Mcewan loses com­pass in Le Carre-land

Sweet Tooth

The Weekend Australian - Review - - Books - James Bradley James Bradley

By Ian McEwan Jonathan Cape, 336pp, $32.95

SPEAK­ING about his new novel Sweet Tooth ear­lier this year, Ian McEwan com­pared writ­ers with spies, go­ing on to de­clare ‘‘ all nov­els are spy nov­els’’. As mar­ket­ing lines go it’s a nice one, if a lit­tle self-re­gard­ing: pleas­antly but un­ex­cep­tion­ally provoca­tive, flat­ter­ing to writer and reader, charged with an agree­able fris­son of trans­gres­sion.

It’s tempt­ing to say some­thing sim­i­lar may be said of Sweet Tooth, a slick, slightly glib, po­lit­i­cally qui­es­cent ex­cur­sion into Le Car­reland that flat­ters the reader with the il­lu­sion of a se­ri­ous­ness it doesn’t pos­sess.

Set against the back­drop of the strik­er­av­aged, po­lit­i­cally dys­func­tional Bri­tain of the early 1970s, and tak­ing its cues from the scan­dal sur­round­ing the 1967 reve­la­tion that the jour­nal En­counter had been re­ceiv­ing fund­ing from the CIA, Sweet Tooth fo­cuses on Serena Frome, a bishop’s daugh­ter re­cruited by MI5 and as­signed to a pro­gram de­signed to iden­tify and sup­port writ­ers and aca­demics pre­pared to speak out against com­mu­nism and the per­ceived anti-Amer­i­can­ism of the tra­di­tional Left. For Serena, a vo­ra­cious reader, it’s a dream as­sign­ment, even more so once she meets Tom Ha­ley, the young writer she has been as­signed.

Yet when she be­gins a re­la­tion­ship with Tom she quickly en­ters un­fa­mil­iar and treach­er­ous ter­ri­tory and sets in train a se­ries of events that en­sure the mis­sion ends in dis­grace and dis­missal for her, and lit­er­ary ruin for him.

It’s sub­ject mat­ter McEwan has ex­plored be­fore, per­haps most ob­vi­ously in his 1990 novel The In­no­cent.

Yet while The In­no­cent

— a novel mostly no­table for the as­ton­ish­ingly grue­some se­quence that oc­cu­pies its sec­ond half — is chiefly con­cerned with the hu­man cost of sub­terfuge, Sweet Tooth has at its heart a se­ries of rather more rar­efied ques­tions about truth and fic­tion, and the of­ten con­tested ground be­tween the two.

If it feels a lit­tle fa­mil­iar that’s be­cause it is. Sim­i­lar ques­tions — and in­deed sim­i­lar tricks — lie at the core of McEwan’s im­mensely suc­cess­ful novel Atone­ment, a book to which Sweet Tooth owes quite a bit. How­ever these ques­tions — and in­deed the metafic­tional de­vices that sus­tain them — are also the out­ward man­i­fes­ta­tion of a pre­oc­cu­pa­tion with our un­der­stand­ing of ev­ery­thing that has gone be­fore. What one makes of this twist is prob­a­bly at least partly a mat­ter of per­spec­tive: while I only barely re­strained my­self from throw­ing the book at the wall in dis­gust I sus­pect many will be thrilled by its au­dac­ity.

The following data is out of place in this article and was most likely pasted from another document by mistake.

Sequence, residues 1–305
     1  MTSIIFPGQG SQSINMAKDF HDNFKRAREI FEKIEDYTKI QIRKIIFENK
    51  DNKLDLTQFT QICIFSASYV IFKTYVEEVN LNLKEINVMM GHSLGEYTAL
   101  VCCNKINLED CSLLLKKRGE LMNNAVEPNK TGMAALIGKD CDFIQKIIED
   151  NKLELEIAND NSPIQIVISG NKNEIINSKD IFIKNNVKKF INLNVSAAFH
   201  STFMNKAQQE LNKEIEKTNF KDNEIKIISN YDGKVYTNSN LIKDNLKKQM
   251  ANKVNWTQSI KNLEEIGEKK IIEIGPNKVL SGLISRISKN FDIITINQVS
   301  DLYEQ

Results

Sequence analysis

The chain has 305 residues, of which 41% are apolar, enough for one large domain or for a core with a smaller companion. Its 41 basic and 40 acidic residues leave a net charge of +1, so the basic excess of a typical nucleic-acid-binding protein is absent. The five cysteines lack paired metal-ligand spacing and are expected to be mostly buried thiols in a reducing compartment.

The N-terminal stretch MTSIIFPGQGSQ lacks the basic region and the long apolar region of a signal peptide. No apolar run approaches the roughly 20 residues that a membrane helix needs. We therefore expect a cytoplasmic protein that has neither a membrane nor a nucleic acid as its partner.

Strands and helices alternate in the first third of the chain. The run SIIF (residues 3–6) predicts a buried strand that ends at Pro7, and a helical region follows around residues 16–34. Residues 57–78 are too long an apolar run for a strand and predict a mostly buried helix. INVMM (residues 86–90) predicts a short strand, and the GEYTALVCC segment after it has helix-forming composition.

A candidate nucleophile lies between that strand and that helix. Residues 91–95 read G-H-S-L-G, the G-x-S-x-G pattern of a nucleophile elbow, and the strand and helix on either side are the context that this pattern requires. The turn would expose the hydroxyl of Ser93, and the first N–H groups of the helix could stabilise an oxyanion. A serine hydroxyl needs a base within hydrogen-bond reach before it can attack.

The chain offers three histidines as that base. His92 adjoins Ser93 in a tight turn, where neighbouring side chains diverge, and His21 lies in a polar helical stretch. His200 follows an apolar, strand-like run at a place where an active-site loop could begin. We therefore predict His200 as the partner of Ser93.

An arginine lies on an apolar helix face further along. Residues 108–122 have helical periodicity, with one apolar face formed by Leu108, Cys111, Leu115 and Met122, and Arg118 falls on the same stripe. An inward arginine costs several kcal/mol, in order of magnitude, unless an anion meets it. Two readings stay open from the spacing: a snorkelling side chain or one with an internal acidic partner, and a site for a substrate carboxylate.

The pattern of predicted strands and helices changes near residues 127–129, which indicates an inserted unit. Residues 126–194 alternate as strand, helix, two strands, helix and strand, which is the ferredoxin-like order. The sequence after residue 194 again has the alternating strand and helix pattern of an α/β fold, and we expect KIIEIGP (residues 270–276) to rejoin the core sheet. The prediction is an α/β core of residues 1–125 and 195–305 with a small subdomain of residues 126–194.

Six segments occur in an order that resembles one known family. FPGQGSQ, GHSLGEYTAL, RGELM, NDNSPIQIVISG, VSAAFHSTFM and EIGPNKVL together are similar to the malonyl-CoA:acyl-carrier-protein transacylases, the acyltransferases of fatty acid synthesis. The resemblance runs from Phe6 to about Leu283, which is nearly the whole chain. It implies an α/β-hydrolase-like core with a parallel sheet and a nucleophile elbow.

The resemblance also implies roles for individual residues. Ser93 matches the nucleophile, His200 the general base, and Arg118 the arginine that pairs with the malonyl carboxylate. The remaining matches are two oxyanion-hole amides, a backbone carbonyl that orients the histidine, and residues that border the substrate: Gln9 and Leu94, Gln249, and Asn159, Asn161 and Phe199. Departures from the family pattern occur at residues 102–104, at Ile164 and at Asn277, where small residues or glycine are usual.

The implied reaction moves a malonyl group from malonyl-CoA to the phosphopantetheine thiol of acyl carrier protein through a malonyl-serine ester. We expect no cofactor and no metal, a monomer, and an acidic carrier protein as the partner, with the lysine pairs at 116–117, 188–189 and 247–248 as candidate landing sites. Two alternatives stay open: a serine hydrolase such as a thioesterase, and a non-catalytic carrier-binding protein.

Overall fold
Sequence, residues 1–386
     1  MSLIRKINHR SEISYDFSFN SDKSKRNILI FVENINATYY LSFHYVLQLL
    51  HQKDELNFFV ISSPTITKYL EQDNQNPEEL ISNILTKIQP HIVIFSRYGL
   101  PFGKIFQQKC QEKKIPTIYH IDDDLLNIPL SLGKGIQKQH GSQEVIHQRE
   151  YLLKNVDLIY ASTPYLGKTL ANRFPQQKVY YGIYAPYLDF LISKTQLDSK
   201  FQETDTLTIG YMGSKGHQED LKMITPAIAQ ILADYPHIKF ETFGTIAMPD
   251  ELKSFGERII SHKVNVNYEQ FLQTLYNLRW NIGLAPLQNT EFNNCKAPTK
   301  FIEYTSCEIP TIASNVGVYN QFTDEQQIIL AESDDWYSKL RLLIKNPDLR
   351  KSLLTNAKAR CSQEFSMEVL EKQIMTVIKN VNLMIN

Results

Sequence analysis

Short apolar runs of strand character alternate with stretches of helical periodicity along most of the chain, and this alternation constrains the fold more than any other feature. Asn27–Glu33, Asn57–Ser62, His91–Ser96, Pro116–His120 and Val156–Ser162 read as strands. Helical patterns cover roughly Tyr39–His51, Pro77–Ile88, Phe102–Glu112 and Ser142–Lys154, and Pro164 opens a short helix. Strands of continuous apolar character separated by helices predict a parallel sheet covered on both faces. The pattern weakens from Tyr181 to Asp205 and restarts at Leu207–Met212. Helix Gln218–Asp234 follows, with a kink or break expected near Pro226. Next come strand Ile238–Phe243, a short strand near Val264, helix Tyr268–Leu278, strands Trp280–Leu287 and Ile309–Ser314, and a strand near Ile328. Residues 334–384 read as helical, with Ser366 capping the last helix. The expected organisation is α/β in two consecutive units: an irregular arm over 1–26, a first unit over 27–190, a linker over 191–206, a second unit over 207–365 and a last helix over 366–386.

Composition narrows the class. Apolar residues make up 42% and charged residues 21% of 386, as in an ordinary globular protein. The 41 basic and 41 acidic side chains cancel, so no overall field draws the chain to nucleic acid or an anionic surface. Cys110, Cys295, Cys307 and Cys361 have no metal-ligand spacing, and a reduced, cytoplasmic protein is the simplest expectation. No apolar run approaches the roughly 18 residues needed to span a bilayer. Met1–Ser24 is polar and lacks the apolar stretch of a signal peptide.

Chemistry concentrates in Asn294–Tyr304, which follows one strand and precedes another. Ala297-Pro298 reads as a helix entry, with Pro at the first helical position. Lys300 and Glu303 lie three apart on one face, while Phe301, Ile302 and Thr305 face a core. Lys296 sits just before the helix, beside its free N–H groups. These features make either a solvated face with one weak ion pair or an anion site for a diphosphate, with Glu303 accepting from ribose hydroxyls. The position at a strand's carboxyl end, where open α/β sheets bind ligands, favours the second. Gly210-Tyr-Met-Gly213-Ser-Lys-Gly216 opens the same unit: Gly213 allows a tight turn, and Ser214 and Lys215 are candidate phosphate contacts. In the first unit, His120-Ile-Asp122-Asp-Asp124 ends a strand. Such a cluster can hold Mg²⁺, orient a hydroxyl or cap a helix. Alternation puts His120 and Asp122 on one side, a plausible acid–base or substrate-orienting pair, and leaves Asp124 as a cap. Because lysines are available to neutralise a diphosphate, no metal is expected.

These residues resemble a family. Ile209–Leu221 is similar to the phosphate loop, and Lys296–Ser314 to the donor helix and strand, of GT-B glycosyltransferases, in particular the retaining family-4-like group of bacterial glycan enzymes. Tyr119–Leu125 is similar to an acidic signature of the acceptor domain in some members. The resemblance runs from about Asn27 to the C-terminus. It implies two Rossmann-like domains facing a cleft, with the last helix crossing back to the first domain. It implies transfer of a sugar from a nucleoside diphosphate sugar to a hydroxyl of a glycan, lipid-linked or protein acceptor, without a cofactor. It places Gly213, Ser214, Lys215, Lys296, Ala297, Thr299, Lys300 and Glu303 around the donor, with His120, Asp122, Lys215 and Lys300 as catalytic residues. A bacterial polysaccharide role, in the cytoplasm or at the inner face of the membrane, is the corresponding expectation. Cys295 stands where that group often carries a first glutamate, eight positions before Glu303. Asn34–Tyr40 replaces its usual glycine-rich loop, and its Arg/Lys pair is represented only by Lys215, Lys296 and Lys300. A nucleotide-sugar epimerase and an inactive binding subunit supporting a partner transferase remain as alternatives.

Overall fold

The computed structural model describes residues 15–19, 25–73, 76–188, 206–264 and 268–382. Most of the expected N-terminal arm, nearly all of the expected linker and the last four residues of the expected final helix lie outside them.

Yet in a way Sweet Tooth’s real prob­lem isn’t its end­ing or even its metafic­tional con­ceits but its cu­ri­ously com­pla­cent pol­i­tics. Where the nov­els of John Le Carre (or in­deed John Banville’s clas­sic fic­tion­al­i­sa­tion of the life of An­thony Blunt, The Un­touch­able) are writ­ten with an out­sider’s eye for the cant and hypocrisy of power, McEwan in Sweet Tooth sees these qual­i­ties as lit­tle more than plot de­vices.

This is not to say the novel is en­tirely un­crit­i­cal of the world it in­hab­its. The por­trait of the misog­yny of MI5 is clear-eyed and mer­ci­less, and at one point Serena’s friend and fel­low MI5 re­cruit, Shirley, brings trou­ble down on the two of them by ob­serv­ing slightly too loudly ‘‘ these berks want to stage a coup’’ in front of a re­tired bri­gadier con­cerned about the influence of rad­i­cal unions over the Labour Party.

But it is to say that there is some­thing al­to­gether too easy in the in­sis­tency of its cri­tique of the Left’s re­fusal to ac­knowl­edge the re­al­ity of life be­hind the Iron Cur­tain, and in the book’s care­fully cal­i­brated mock­ery of Serena’s mid­dle­brow tastes.

That this should be sur­pris­ing is prob­a­bly a fail­ing on my part. Af­ter all it has been a long time since McEwan has been in­ter­ested in serv­ing up any­thing more than el­e­gant en­ter­tain­ments. Yet read­ing his por­trait of Tom it was dif­fi­cult not to won­der what the much younger McEwan, who wrote the breath­tak­ingly dis­qui­et­ing sto­ries that in this novel are at­trib­uted to Tom, would have made of his older self and, in­deed, a book such as Sweet Tooth. Not much, I sus­pect.

Ian McEwan pokes fun at his younger self

Newspapers in English

Newspapers from Australia

© PressReader. All rights reserved.